THE U. S. Army, Jack Crane knew, was divided into three different branches.
There were the Army Ground Forces the fighting men like those he had seen in battle in the Philippines and New Guinea. There were the Army Air Forces the fliers and ground crews he had watched with admiration at Guadalcanal, in Australia and over Europe.
Lastly, there were the Army Service Forces the men who kept the other two branches supplied with food, weapons and all their other needs.
The work of the Army Service Forces was only seldom spectacular. They made few headlines. Yet, without them (Jack Crane often thought), the other two branches would be powerless. The fighting fronts would break down.
Crane had never looked closely at problems of logistics (as the science of supply is called). That is why he became interested in the story of Colonel Gene Casey, who worked in North Africa.
* * *
When Crane arrived in Africa from London, he was surprised to find how quickly life had settled down behind the lines after the American invasion.
For a few hours last November the port where Crane landed had been a battleground. Obeying Axis orders, French troops had fired on American soldiers and ships. Men on both sides had been killed.
That fighting seemed very long ago to anyone who now saw the port for the first time. The streets today were crowded with American soldiers, sailors and merchant seamen. There was in the town a bustle of constant activity as Americans and Frenchmen vied with each other to work against the Axis.
Instead of being a battle zone, the port was now an active supply base. Across its docks, through its streets and over its railroads moved a constant stream of supplies for the men in the front lines in Tunisia.
Jack Crane knew that the way our Army was handling its supply problems had already stirred the admiration of our allies and the envy of our enemies. He talked one evening to a French officer who told him: "We find it altogether astonishing, your American talent for organization.
"Most wonderful of all," went on the Frenchman, "is the work of the American colonel, Casey. You must see what he has done. His place was shown only yesterday to my fellow-officers of the French staff."
Gene Casey, so Crane found out, was a red-headed Irish engineer who had once bossed the export division of a big Detroit automobile corporation. Because of his experience, the Army Service Forces made him a colonel. Then they put him in charge of truck and auto supplies at this port in North Africa.
A NEW IDEA IN SUPPLIES
Colonel Casey was a man with a big idea. His idea was something new in the Army; yet Casey had made it work.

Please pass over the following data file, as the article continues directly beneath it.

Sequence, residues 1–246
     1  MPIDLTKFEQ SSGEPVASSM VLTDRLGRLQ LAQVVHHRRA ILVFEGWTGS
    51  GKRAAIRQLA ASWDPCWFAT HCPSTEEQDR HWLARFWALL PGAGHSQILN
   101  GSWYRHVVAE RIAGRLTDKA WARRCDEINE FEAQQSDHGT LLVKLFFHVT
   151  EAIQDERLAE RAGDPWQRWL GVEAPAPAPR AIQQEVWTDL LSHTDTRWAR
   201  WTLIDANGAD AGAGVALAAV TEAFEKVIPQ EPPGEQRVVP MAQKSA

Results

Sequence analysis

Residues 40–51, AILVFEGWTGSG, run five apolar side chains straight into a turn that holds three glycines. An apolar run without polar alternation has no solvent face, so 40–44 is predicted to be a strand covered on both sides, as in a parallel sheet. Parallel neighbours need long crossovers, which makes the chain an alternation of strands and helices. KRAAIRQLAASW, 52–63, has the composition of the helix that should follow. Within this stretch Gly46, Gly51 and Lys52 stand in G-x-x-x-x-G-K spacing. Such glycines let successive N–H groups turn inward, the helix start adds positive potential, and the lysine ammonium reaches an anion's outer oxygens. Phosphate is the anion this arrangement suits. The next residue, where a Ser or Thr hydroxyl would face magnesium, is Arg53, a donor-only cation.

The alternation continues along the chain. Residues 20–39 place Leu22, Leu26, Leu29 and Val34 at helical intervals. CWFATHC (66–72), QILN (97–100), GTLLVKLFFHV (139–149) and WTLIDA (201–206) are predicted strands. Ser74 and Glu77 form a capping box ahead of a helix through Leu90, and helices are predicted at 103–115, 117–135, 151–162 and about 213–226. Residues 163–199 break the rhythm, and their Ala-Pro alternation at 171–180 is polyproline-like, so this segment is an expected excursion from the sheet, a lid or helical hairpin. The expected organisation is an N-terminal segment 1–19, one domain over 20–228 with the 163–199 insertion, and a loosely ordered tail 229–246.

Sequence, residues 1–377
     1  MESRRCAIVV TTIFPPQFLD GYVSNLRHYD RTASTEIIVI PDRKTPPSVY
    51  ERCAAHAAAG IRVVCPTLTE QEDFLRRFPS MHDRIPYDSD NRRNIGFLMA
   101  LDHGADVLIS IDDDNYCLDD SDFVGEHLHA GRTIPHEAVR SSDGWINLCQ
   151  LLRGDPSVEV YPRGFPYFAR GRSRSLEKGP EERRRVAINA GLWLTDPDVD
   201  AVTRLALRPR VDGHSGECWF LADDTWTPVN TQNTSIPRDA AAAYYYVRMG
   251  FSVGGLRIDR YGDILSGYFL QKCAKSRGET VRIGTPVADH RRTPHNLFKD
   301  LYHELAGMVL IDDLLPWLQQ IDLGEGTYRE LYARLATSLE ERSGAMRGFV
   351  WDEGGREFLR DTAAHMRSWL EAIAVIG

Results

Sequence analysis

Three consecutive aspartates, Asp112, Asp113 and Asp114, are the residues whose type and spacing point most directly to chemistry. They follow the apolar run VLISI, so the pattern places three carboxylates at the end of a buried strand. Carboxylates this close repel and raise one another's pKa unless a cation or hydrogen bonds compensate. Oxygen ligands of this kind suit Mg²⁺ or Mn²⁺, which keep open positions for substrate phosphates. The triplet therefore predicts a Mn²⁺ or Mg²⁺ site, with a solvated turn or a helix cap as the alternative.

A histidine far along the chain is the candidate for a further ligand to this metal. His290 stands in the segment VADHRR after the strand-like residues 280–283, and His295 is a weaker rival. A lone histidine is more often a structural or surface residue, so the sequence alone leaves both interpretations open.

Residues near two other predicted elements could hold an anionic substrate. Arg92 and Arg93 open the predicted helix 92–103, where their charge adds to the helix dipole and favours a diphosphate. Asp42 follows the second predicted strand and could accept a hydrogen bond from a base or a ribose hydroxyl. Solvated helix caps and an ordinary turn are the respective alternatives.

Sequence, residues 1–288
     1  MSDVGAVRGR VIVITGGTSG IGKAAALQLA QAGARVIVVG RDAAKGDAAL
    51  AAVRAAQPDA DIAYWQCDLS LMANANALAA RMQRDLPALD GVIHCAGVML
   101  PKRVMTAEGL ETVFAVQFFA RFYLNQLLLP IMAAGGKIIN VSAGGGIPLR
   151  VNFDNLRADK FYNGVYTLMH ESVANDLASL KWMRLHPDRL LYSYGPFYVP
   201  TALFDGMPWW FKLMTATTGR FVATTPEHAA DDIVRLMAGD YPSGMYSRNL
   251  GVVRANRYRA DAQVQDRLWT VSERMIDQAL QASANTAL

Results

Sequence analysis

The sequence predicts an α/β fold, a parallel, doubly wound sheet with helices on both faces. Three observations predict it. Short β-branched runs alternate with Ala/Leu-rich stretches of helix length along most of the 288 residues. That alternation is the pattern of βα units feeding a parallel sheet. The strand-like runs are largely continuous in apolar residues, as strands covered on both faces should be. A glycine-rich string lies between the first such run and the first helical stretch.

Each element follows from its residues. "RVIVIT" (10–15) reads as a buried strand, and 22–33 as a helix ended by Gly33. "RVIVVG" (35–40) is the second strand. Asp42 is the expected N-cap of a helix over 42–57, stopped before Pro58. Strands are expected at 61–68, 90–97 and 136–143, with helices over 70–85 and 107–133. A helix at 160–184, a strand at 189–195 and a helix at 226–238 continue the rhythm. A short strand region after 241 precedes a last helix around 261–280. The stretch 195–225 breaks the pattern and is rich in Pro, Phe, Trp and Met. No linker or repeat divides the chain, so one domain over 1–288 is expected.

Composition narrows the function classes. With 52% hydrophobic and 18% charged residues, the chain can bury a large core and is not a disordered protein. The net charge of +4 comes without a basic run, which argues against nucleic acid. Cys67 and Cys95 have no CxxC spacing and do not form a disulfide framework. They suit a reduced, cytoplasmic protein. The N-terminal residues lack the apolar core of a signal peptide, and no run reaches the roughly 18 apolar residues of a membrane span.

The next day, Crane went out to look. It was no wonder the French officers were amazed. Crane himself could hardly believe his eyes.
There, spread out before him (in what had once been a patch of African desert) was a complete automobile assembly plant!
At one place Crane could see where cases of half-completed autos, trucks and half-tracs arrived at the plant from American factories 4,000 miles away. In the distance, at another gate, there emerged the fully-completed equipment, ready to be driven away to the battle front.
To solve his supply problem, Colonel Casey had brought equipment for a whole factory to the base. No Army had ever done it before.
Most of the factory was out in the open air. Here and there, parts of it were roofed over, however. Colonel Casey's men, wasting nothing, had built rough sheds from the crates in which their material had been shipped from America.
Crane was allowed to walk through the factory, accompanied by an American officer. He talked to some of the workers there. They were Frenchmen, Americans, African natives. There were even some prisoners of war from Italy.
Jack Crane talked with one of these Italians. Until a few months ago he had been a mechanic in the Fiat aircraft works in Turin, northern Italy.
"They took me in the Army," the Italian prisoner told Crane, "when the Nazis demanded more engineers to service their planes in Africa. Fifty of us from my shop were sent to Tunisia and attached to Marshal Rommel's air force.
THE ITALIAN WASN'T DECEIVED
"The Germans told us the American army had no chance. They said that American equipment was no good and that most of it, anyhow, was being sunk by German submarines.
"But I have a brother in America. I knew the Germans were not telling the truth.
"My brother often told me, before the war, what American factories can do. In his plant in Detroit, I knew, they used to produce more cars in a day than our biggest Italian factory could build in a month.
"I was sure the American production figures, that we heard on the radio, were not imagination (as the Nazis pretended they were). I knew that American shipyards could produce ships by the score. Even if some were, sunk by U-boats, enough would still get through to give your Army many times the supplies the Axis could muster.
"Now, in this factory, I see I was right. I am happy about it, for I do not want the Germans to win.
"You see," the Italian said, "I have found out something since I was captured. I have found that my brother was right when he spoke of the freedom enjoyed in America.
"I am a prisoner here, but I know I am working now on the side of liberty. In Italy, I was not called a prisoner. But there is no freedom anywhere under the Axis. A man who works for them is working to make prisoners of the whole world."
NEXT WEEK: JACK CRANE SPOTS BOMB HITS WITH AN AIR FORCE CAMERAMAN.